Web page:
Medically Reviewed by Dr. Bryan Seigel D.C., P.L.C.
The best way to know you’re in ketosis is to track your ketones, and to do that you need to test them regularly. Your circulating blood ketones are an accurate measurement of the ketones you’re producing and using on any given day, but you have to watch out for a few pieces of confounding data. First, we’re going to talk about how to get the most accurate results from using your blood ketone meter, then we’re going to get into a few details that you should know at the moment of testing. If you’re not sure exactly what ketones are or how they work, jump over here for a review.
How do you get the most accurate measurements of blood ketones?
It’s best to test your ketones at the same time every day, while fasted. Avoid testing first thing in the morning, since cortisol is elevated from the waking-up process (called the dawn effect) and can both raise glucose and lower ketones. Mid-morning or mid-afternoon are ideal times, at least 2 hours after you’ve eaten. Just before a meal is also a great time. In the two hours after a meal, blood glucose and ketones are variable, and many people see a drop in ketones after eating, so you won’t get accurate results this way.
You might be tempted to measure your ketones right after a workout. Unfortunately, this is not a representation of your AVERAGE ketone level through the day. Many people see very low or very high ketones after a workout, and this is an individual reaction based on the type of workout, glucose utilization, and hormonal balance. Just like with a meal, it’s best to wait 2-3 hours to use your blood ketone meter.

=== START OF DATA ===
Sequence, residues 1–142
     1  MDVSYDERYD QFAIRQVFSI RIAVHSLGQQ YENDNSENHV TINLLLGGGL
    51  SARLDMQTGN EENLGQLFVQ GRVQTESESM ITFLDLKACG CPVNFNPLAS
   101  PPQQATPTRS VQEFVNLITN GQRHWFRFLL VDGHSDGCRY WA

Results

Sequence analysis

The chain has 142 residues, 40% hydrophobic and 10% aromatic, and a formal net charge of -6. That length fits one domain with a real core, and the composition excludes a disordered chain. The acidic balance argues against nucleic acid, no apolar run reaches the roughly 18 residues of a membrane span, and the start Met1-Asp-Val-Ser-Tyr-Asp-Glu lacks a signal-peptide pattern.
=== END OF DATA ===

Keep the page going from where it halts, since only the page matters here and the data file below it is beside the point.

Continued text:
Using your blood ketone meter
Since there are several models of blood ketone meter on the market, and they upgrade their meters periodically, this isn’t a guide on using a specific meter. Instead, these are the best practices for using ANY blood ketone meter that will hold true no matter what meter you choose.
Since testing your blood requires breaking the skin, choose a clean environment. Wash and dry your hands, and insert the ketone test strip into the meter. Use your lancet to lightly prick a fingertip, just deeply enough to draw blood. Most lancet devices have settings that allow you to change how much pressure it uses so choose the one that’s just enough to break skin without jabbing deeply (and painfully).
You should see a little drop of blood start to pool on your finger, and you want to wipe this first little drop away as there can be residual glucose in it from breaking the skin which will make your results inaccurate. If a second drop doesn’t start forming, you can gently press on your finger to encourage a larger drop to form.
Touch the ketone strip to the drop of blood and let the strip absorb that drop. It needs very little blood to test, but if there’s too little blood it will give you an error and you’ll have to use a fresh strip. It may take up to 10 seconds to get results. Record your results (or sync your meter with the app, if one is available) and safely discard the strip and the lancet. Pro tip: keep a small cardboard box handy for disposal of lancets and strips. This keeps the needles from poking through a trash bag.